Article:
An agrochemical company that plays by the rules often needs months to ratchet up pesticide production. But a counterfeiter can get a product to market within days.

This is one of the reasons why Syngenta is sponsoring Mr Sambrook to undertake a PhD at Harper Adams University. Identifying the risk factors associated with illegal pesticides will help the industry fight back against the trade, believes the company.

“We have seen an increased tendency for illegal products posing as legitimate parallels to arrive in the UK,” says Thierry Yvon, Syngenta’s head of investigation and product security. “This is a problem that should be seriously considered not only by growers, but also by the relevant authorities.”

Future protection

Mr Sambrook says: “We are trying to help protect a valuable and important industry by considering why we have escaped the worst of the problem up until now and then learn lessons from this as to how we can then protect ourselves in the future.”

For now, though, the chances of a rogue trader being caught remain low. Pesticides are valuable commodities in small neat containers that are easily transportable. And it can be difficult to tell a counterfeit pesticide from the genuine product.

“Sometimes, it can be a matter of hours from an agronomist recommending a product and the grower applying it to a crop. And once you’ve disposed of the containers, you’ve destroyed the evidence from a policing point of view.”

This lack of evidence makes it almost impossible to prove an offence occurred – and is another reason that criminals counterfeit pesticides. “Even though the market appears to be relatively small, we are extraordinarily vulnerable,” says Mr Sambrook.

“If a crop fails, there is usually no way of proving it was down to a particular product because there are so many other variables at play from an agricultural point of view that are likely to affect crop yield.”

So how do counterfeit pesticides get into the country? Remarkably easily, it seems, as counterfeiters take advantage of rules which allow legitimate “parallel” pesticide products to be imported into the UK, even when in unfamiliar packaging.

Law-abiding agrochemical companies go to great lengths to ensure their products are genuine. But while the trade in parallel products is legitimate, it also provides a loophole that criminal gangs are only too keen to exploit.

Nick von Westenholz, chief executive of the Crop Protection Association, says: “We are concerned about the potential for abuse of legitimate parallel trade permits to place illegal pesticides on the UK market. Under the current system repackaging is allowed.”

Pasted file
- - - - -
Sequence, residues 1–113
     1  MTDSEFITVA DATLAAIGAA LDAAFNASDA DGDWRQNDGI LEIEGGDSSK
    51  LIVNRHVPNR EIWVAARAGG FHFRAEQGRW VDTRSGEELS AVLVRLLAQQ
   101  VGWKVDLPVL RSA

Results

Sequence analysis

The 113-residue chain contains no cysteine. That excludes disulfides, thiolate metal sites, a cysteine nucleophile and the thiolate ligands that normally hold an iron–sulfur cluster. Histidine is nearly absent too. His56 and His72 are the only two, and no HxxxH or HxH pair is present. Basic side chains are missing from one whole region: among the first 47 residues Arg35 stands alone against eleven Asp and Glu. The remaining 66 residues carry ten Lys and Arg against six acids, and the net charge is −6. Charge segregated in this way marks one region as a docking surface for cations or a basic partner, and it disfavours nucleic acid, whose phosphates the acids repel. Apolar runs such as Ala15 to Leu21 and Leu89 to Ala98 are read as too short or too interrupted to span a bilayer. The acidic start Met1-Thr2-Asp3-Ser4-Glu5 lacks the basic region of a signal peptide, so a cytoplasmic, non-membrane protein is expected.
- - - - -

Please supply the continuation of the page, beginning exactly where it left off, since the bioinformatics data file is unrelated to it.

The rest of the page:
Once the original package is opened and the manufacturer’s seal is broken, it is hard to verify that the product inside is genuine. “While legitimate parallel importers may repack for good reasons, this provides a loophole that unscrupulous dealers can exploit.”

In some cases it can be increasingly difficult to tell what is an original product and what is not.

The best way to ensure a product is genuine is to deal with a reputable supplier, says independent agronomist Sean Sparling. “Counterfeit pesticides could contain anything – you’ve no idea what you’re buying. It isn’t worth the risk.

“If someone is touting illegal chemicals on farms, the best thing to do is walk away and report them,” says Mr Sparling. “They do the industry no good, they do the grower no good and ultimately they do your crops no good either.”

Watch Out! for illegal pesticides

Simple precautions can help minimise the risks of buying and using illegal pesticides – highlighted by a year-long nationwide campaign.

The Watch Out! for illegal pesticides campaign is supported by the Voluntary Initiative and Red Tractor Assurance, with funding from the Crop Protection Association, NFU and Agricultural Industries Confederation.

Voluntary Initiative chairman and Wiltshire grower Richard Butler says: “Responsible pesticide use starts with using an approved product – and following the information on the label and the advice of a Basis-registered agronomist.”

Farmers, operators and agronomists are being urged to help guard against illegal and counterfeit pesticides. They are advised to:

  • Buy only known and reputable pesticides from known and reputable suppliers
  • Check that packaging is professional, tamper-proof and securely sealed and it has a full label written in English
  • Check the product on the invoice and delivery note matches the product ordered and delivered
  • Check that the product looks as expected
  • Ensure “parallel import” products are genuine – ask for confirmation of the company that made the product and the country it came from
  • Report suspicious products and suppliers to the Defra helpline – 08459 335 577 (calls charged at a local rate).

Mr Butler says: “It is sad that farmers now have to be aware of the danger posed by unscrupulous professional counterfeiters who want to undermine the professionalism and competence of UK farmers and sprayer operators.”